Searching for: "Derek Perkins"

  • Tom Standage

    The Victorian Internet tells the colorful story of the telegraph's creation and remarkable impact, and of the visionaries, oddballs, and eccentrics who pioneered it, from the eighteenth-century French scientist Jean-Antoine Nollet to Samuel F. B. Morse and Thomas Edison. The electric telegraph nullified distance and shrank the world quicker and further than ever before or since, and its story mirrors and predicts that of the Internet in numerous...read more

  • Thomas Asbridge

    In The Greatest Knight, renowned historian Thomas Asbridge draws upon the thirteenth-century biography and an array of other contemporary evidence to present a compelling account of William Marshal's life and times. Asbridge charts the unparalleled rise to prominence of a man bound to a code of honor yet driven by unquenchable ambition. Marshal was the true Lancelot of his era-a peerless warrior and paragon of chivalry. As a five-year-old boy, William was sentenced to execution and led to the gallows, yet this landless younger son survived his brush with death, and went on to train as a medieval knight. Against all odds, Marshal rose through the ranks-serving at the right hand of five...read more

  • Robert Goddard

    From the Edgar award-winning, internationally bestselling British writer Robert Goddard comes a captivating new trilogy of historical thrillers, set at the tail end of World War I and featuring the devilishly charismatic James Max Maxted, a Royal Flying Corps veteran who has a hard time keeping himself out of trouble. Four years of horrific fighting have finally ended on the battlefield, but in the spring of 1919, Paris is filled with delegates from around the world who are still trying to hammer out the terms of peace. One such delegate is British diplomat Sir Henry Maxted, in charge of liaising with the Brazilians regarding seized ships. But before a deal is reached Sir Henry Maxted turns...read more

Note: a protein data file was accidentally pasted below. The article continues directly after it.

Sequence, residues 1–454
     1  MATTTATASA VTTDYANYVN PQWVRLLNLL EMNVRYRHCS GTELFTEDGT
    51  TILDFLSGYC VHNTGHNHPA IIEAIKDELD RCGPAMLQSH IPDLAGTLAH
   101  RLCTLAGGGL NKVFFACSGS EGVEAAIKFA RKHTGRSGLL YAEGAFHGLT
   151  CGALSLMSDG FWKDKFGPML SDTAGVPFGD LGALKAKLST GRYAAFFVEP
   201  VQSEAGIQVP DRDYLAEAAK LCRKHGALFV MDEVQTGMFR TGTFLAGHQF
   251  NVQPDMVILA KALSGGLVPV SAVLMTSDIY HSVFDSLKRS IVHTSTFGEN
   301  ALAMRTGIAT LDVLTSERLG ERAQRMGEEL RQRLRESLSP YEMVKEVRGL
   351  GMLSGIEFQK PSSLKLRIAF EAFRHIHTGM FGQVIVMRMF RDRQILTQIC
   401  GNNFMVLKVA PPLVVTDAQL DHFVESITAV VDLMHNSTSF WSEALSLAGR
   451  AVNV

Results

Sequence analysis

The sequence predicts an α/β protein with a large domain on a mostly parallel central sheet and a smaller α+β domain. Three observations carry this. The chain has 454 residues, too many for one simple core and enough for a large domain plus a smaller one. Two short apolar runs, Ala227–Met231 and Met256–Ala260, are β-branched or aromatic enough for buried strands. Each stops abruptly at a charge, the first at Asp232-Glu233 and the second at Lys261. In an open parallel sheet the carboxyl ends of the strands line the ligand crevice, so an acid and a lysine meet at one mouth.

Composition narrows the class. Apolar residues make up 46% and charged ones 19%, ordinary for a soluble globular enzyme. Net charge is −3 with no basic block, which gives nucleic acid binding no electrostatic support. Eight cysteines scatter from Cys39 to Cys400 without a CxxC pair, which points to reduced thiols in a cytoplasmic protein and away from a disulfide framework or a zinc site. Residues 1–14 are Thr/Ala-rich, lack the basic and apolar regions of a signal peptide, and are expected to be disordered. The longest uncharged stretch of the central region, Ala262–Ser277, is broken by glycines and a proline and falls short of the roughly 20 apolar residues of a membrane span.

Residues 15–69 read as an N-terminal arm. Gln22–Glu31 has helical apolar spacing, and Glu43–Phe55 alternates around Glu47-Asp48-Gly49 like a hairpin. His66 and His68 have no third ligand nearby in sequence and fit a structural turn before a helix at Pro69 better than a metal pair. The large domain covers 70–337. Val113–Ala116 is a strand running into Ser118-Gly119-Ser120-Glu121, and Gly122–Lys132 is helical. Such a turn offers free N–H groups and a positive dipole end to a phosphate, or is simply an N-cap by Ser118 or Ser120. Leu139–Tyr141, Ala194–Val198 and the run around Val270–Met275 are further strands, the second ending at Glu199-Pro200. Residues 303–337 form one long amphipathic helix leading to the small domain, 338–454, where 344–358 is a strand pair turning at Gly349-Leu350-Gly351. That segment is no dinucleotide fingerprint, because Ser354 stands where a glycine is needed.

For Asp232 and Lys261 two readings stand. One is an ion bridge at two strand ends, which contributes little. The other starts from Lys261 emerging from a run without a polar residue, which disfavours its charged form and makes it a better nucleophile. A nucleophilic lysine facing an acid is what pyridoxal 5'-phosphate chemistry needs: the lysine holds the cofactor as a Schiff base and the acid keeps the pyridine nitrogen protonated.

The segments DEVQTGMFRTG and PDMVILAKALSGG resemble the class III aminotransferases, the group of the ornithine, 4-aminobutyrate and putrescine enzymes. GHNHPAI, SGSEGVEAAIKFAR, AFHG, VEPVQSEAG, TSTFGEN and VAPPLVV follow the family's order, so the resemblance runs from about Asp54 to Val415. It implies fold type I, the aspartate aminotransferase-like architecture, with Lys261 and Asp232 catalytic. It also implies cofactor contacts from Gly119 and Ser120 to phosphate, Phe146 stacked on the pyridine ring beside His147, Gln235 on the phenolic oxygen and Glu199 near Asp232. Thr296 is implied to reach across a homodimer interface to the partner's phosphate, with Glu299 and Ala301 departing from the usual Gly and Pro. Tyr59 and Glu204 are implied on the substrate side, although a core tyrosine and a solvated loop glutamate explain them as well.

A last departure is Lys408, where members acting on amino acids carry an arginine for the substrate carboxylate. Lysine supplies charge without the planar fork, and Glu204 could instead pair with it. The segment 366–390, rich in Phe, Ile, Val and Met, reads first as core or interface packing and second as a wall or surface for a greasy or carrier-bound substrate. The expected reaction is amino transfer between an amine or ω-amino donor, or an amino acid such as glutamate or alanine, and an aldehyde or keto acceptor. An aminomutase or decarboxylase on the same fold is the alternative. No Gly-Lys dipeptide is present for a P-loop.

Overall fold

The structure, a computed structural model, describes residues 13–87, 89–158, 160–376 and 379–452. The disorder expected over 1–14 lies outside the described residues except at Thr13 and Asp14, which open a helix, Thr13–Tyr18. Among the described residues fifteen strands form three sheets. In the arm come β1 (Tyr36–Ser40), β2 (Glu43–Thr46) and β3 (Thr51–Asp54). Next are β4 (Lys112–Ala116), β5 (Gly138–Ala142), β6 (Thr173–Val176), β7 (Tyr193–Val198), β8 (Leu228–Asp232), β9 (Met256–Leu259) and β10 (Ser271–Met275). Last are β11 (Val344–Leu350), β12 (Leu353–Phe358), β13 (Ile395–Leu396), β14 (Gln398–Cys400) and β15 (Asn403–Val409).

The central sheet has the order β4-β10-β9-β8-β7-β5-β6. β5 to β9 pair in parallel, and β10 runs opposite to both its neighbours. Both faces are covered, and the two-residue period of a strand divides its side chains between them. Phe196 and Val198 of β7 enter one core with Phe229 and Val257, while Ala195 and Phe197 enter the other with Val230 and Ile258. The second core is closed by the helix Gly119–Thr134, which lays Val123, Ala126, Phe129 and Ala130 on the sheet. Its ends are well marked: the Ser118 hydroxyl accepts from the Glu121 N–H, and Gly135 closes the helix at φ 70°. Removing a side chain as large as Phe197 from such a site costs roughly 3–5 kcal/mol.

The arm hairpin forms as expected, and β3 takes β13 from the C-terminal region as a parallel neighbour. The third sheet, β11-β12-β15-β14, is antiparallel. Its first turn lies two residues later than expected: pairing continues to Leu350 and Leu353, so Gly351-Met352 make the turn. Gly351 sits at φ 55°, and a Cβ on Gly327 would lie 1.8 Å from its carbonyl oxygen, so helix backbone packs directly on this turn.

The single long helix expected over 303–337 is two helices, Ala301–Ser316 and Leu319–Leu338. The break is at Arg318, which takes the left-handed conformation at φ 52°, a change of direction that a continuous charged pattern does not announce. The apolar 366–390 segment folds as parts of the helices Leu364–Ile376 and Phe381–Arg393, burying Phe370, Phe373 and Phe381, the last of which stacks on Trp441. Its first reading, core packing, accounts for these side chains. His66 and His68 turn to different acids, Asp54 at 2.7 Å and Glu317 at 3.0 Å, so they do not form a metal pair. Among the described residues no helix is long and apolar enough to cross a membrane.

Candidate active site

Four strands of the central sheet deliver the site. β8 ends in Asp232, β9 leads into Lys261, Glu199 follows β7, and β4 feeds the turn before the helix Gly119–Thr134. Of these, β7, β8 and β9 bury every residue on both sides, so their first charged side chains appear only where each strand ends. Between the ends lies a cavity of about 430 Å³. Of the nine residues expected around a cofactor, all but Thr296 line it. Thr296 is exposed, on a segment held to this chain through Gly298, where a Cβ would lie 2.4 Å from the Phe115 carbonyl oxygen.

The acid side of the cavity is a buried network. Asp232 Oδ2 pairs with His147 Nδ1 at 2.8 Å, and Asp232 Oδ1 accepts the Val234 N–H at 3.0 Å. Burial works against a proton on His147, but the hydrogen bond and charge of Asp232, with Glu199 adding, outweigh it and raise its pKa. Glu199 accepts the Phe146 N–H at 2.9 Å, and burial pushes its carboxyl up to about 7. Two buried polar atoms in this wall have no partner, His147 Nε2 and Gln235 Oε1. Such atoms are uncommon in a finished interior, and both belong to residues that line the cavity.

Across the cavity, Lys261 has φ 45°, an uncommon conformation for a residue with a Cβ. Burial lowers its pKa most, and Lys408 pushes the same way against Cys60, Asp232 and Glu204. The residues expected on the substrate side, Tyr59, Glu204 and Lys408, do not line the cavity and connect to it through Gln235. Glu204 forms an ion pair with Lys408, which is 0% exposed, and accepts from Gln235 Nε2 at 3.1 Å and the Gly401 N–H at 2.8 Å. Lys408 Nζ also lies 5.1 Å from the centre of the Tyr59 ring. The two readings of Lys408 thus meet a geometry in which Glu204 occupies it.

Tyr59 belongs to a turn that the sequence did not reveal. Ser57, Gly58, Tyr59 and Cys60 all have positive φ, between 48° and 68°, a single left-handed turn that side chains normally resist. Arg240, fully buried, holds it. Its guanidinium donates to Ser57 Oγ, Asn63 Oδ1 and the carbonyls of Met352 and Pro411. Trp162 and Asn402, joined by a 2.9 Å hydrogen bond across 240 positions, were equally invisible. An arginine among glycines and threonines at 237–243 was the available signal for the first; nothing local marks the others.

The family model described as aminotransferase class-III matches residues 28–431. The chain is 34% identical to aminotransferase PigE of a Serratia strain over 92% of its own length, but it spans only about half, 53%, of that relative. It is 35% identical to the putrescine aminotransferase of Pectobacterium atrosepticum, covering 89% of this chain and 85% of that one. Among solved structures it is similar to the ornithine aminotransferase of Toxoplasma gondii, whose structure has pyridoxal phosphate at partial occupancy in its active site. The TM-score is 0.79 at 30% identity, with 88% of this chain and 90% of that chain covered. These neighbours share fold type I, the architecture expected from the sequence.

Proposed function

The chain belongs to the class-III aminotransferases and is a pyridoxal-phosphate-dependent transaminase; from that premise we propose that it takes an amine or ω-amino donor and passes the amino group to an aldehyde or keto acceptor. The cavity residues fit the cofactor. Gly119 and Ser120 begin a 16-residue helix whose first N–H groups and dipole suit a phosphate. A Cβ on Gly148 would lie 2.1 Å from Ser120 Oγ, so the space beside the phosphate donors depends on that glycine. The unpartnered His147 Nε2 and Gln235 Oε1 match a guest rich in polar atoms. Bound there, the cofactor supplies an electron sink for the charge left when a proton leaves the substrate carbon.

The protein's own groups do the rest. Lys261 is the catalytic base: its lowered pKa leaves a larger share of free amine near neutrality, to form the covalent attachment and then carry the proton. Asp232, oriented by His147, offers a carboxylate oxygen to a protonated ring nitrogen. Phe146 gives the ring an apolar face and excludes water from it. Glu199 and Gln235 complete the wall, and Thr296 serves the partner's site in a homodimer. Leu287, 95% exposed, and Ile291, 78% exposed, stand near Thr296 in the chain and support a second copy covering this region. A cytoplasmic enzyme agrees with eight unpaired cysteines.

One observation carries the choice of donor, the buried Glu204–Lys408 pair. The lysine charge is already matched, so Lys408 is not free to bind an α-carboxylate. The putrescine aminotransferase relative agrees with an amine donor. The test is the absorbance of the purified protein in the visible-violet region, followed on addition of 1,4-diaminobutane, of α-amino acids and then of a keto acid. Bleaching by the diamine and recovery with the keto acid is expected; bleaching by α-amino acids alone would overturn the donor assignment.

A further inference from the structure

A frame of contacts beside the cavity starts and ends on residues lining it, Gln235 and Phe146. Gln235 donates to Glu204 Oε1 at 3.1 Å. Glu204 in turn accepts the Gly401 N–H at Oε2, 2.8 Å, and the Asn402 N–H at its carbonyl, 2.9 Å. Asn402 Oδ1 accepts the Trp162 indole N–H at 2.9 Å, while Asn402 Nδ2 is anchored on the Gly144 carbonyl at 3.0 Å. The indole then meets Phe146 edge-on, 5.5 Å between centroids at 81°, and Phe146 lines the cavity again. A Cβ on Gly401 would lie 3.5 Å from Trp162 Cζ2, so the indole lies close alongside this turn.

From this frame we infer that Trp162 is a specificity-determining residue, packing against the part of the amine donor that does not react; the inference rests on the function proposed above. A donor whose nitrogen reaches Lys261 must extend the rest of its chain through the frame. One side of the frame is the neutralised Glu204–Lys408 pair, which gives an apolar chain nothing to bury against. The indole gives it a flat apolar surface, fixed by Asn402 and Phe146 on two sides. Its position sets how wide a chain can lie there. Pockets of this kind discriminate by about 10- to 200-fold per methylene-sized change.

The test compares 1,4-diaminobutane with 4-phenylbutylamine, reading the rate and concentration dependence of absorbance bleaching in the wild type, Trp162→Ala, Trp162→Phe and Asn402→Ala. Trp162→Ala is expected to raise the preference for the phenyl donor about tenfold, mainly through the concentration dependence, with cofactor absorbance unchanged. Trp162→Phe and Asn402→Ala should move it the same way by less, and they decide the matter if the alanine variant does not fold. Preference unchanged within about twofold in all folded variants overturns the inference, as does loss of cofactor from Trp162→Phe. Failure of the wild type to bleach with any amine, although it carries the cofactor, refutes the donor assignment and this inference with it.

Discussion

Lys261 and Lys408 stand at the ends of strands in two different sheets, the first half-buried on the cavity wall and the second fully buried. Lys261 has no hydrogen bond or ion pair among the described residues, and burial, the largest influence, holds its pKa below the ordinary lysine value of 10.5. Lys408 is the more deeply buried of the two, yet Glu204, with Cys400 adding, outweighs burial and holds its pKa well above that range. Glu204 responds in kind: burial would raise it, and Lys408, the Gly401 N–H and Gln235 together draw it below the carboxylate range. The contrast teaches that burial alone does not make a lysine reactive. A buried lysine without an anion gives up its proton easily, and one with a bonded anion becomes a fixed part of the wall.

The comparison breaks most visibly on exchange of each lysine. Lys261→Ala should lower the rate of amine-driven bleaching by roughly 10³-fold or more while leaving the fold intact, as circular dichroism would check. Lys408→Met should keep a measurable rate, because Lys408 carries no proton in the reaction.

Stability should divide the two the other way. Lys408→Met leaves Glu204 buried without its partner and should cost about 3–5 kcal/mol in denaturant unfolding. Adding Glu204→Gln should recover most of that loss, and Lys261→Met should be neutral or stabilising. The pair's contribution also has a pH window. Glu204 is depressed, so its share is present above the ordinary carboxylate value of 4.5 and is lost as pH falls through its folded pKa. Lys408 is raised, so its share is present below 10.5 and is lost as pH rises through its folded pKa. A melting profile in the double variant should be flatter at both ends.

• Eugene Rogan

    In The Fall of the Ottomans, award-winning historian Eugene Rogan brings the First World War and its immediate aftermath in the Middle East to vivid life, uncovering the often ignored story of the region's crucial role in the conflict. Bolstered by German money, arms, and military advisors, the Ottomans took on the Russian, British, and French forces and tried to provoke jihad against the Allies in their Muslim colonies. Unlike the static killing fields of the Western Front, the war in the Middle East was fast-moving and unpredictable, with the Turks inflicting decisive defeats before the tide of battle turned in the Allies' favor. The great cities of Baghdad, Jerusalem, and, finally,...read more

  • Roger Moorhouse

    History remembers the Soviets and the Nazis as bitter enemies and ideological rivals, the two opposing totalitarian regimes of World War II whose conflict would be the defining and deciding clash of the war. Yet for nearly a third of the conflict's entire timespan, Hitler and Stalin stood side by side as partners. The Pact that they agreed had a profound and bloody impact on Europe, and is fundamental to understanding the development and denouement of the war. The Devils' Alliance explores the causes and implications of the Nazi-Soviet Pact, whose creation and dissolution were crucial turning points in World War II. Forged by Joachim von Ribbentrop, and his Soviet counterpart, Vyacheslav...read more

  • P. F. Chisholm